with Fleming following his refusal to meet with the group on the
lawn. A meeting between Fleming and the Native Americans is
scheduled following today's Regents meeting.
Stevens attempted to persuade the Native Americans to talk
about their demands and leave. However, the group was set on
See NATIVE, Page 10

the many essential services pro-
vided by the City," Wheeler
told the Regents. "The putlook,
at this time, for the next fiscal
year does not appear any
brighter."
In a presentation to the Re-
gents, Rogers acknowledged that
the University has provided
equitable funding for various
City enterprise fund services in-
cluding water and street financ-
ing. but he was quick to note
that additional services pro-
vided and financed through the
City's general fund were being
financed by the University with
inadequate "contributions."
Citing statistics which show
that the University's "true tax"
to the City for public goods
would be $3.2 million per year
if it did not enjoy the private
tax exemptions it does, Rogers
said, "The University is not
private industry and we are not
seeking true funding of $3.2 mil-
lion. Our objective is equitable
funding. Certainly the $454,500
estimated to be provided (by
the University) next budget
year is not equitable. The Uni-
versity is still dynamic in the
area of tax exempt properties."
IN RESPONSE to the city

FELDKAMP ATTACKED
A'U' housing budget
called'incurate
By ELAINE 'FLETCHER
A University building director
yesterday challenged the accu-
racy of Housing Director John
Feldkamp's budget projections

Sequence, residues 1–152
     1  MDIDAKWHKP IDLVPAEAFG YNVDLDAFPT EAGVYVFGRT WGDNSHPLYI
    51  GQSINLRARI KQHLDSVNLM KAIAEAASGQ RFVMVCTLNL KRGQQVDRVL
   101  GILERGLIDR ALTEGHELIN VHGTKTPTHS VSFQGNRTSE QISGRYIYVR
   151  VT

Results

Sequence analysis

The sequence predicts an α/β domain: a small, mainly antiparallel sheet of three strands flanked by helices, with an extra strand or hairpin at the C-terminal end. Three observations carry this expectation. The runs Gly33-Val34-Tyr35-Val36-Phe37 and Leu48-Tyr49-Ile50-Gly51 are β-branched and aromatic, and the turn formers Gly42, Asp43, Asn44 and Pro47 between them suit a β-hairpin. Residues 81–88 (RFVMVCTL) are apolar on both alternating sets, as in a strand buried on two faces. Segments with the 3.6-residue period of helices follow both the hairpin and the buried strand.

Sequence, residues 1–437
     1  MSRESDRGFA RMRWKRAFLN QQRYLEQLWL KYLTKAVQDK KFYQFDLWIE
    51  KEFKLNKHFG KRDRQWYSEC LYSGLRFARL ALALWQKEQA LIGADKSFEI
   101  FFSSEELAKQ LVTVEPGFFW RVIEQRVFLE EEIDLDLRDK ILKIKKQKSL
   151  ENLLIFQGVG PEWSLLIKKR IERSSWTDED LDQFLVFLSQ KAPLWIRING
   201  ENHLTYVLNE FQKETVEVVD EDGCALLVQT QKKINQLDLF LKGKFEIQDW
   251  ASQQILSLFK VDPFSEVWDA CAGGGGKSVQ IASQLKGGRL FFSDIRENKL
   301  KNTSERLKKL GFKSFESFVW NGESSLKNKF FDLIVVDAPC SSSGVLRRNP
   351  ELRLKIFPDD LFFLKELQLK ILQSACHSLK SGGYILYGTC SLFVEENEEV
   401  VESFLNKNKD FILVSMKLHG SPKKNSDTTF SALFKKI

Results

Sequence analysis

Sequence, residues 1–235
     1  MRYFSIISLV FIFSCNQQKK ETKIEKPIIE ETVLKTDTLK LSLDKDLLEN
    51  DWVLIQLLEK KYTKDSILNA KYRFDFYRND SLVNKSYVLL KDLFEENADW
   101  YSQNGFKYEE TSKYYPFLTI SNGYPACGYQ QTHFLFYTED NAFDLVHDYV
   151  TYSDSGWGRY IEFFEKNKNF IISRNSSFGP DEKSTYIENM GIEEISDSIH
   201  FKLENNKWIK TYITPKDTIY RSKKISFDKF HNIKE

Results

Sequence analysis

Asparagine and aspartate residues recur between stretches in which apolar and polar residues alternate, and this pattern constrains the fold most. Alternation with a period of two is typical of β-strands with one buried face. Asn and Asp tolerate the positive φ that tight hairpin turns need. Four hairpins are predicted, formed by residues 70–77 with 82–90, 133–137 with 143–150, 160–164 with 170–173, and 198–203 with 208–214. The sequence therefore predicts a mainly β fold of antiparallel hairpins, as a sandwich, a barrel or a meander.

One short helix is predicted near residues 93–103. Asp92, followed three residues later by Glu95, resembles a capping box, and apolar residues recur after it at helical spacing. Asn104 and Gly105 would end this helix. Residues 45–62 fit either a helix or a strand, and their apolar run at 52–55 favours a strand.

for next year, claiming a $223,-
000 over-estimate will produce
unnnecessary service cuts in
dorms next fall.
At the same time, two stu-
dents appeared before the Re-
gents piblic comments session
yesterday, objecting to the pro-
jected service cuts. They con-
tend the cuts will contradict a
February Regental decision to
hold dorm rates steady while
ftnot reducing services for next
year.
DICK MUNSON, director of
Feldkamp See 'U', Page 9

U.S. predicts
no shortages
of petroleum
t is summer

By LOUISE COOK
Associated Press Writer
Americans are being warned of another gasoline
shortage this summer, but the Federal Energy
Administration (FEA) said yesterday that "there
is absolutely no way" the government is going
:o let it happen.
Analysts in private industry aren't so sure that
supplies will be adequate to meet demand. They
note that stockpiles of gasoline have been de-
clining and say spot shortages could develop if
production doesn't increase. Some experts say
that if a shortage does occur, it will be due to
government controls.
IS THERE really a problem? Or are the oil
companies simply trying to create a shortage
to boost prices?
A spokesman for the American Petroleum In-
stitute (API) said) he didn't know whether there
would be a shortage. Asked about allegations

that the companies might deliberately create
one, he replied: "Good God no. It would -be
politically disastrous for -us to do that."
Everyone agrees there is plenty of crude oil
to make enough gasoline. The FEA says crude
oil supplies are 5 to 10 per cent above last year's
levels, when the situation had returned to normal
after the Arab embargo. The problem arises
over how much of the oil is being converted to
fuel for automobiles and how much the demand
for gasoline has increased.
STOCKPILES of gasoline are about 12 per cent
below last year's levels and have been declining
recently, according to the API. For the week
ended June 6, stockpiles were a little less than
half a per cent lower than they were in, the
comparable week of 1973.
Production of gasoline also has been declining.
In the week ended June 13 it was almost 2 per
cent less than in the same week of 1974 and
See U.S., Page 5